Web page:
Friday, 24 October 2014

Zipping thru the Marland Mansion

I always think there isn’t much to see in Ponca City but Pat proved me wrong, yet again. We managed to get to this "Marland Grand Home" about 10 minutes before it closed, but since Pat knew the lady working there, we got to wander around at our leisure. 

I really didn’t want to make her stay late so I did a whiz of a tour, snapping photos like mad, mostly bad ones unfortunately.  

These elegant banisters weave their way up three flights.

I definitely want to go back and see it again on our next visit.

E. W. Marland was the 10th governor of Oklahoma and somewhat controversial because of having married his [un-] adopted daughter (niece of his first wife) after the death of said first wife, Mary Virginia Collins

Marland imported red foxes to promote hunting.

The second wife, Lydie Roberts Marland, was a bit mysterious as well, if I recall correctly from our visit a few years ago when we toured the BIG Marland Mansion. I don't think she had a very easy life at all.

The bigger place is called Palace of the Prairie, and we walked around it for about four hours, the day before we were to run a marathon; absolutely not a smart thing to do. That’s the worst run I’ve ever had in my whole life and I have only myself to blame.

The 1920s sun parlor.

I actually like this older, smaller house much better. Who needs 55 rooms?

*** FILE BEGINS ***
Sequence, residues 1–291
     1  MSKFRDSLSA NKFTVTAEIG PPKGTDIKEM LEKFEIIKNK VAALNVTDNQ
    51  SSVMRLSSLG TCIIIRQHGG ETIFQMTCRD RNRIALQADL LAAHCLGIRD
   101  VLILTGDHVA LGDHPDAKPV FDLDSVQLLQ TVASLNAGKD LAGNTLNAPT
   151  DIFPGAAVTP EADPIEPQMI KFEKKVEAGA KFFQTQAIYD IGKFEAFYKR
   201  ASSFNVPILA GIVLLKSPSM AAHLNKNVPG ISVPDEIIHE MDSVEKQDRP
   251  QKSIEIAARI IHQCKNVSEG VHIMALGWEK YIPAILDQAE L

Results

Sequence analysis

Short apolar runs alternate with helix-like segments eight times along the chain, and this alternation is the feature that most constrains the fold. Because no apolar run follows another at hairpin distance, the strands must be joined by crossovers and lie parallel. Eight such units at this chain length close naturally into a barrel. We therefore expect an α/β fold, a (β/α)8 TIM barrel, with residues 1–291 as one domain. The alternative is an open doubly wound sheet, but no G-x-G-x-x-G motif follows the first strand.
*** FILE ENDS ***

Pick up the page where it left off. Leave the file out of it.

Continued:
The dining room is paneled in dark walnut wainscoting and embellished with silver and mirrored wall scones. The furniture is from the Paris family era, who owned this house in later years. The elegant chandelier is Waterford Crystal from Ireland and the walls are hand-painted by artist, George Lasarsky. 

Marland's life sounds like a financial roller coaster, making oil fortunes in Pennsylvania and Oklahoma and then losing each.  

His first wife may have saved herself a lot of trouble by dying in 1926. 

Mary Virginia (Collins) Marland was born in 1876 in PhiladelphiaPa. She married E. W. Marland there in 1903. A noted social and charity leader in Ponca City, much of her work benefited the Salvation Army and the PC Hospital. She was also interested in the humane treatment of animals and she was noted for her hospitality. At her death, three cars were required to accommodate all the flowers to go to her gravesite. All stores and even banks in town closed for two hours out of respect for Mrs. Marland.

Linen Cedar Closet – Designed to hold linens and some clothing for the M family, guests and housekeepers. Original hand-painted labels on edges of cedar shelves, each shelf designated for a particular person or location in the house.

Another chapter for my book (not) Loos I've Loved.

Not that striking except for the sheer size and light.

In fishing around for information about Marland and Lydie I discovered that there was a movie project being considered with Jennifer Lawrence, called "Ends of the Earth".  Sadly, the deal may have fallen through when she won her Oscar.

I can't tell if that's going to happen or not, but I'd definitely go see it! 

I might even pay full price at the theatre, but I don't promise. Better spent, I gave that amount making a donation to this wonderful place.


Carolyn said...

For what it's worth; I think "Loos I Loved; a pictorial celebration of loos from all around the world", sounds like a pretty fantastic idea for a book.

Shelley said...

Carolyn - Well now, I'll have to give that some thought! I definitely have enough photos for a book!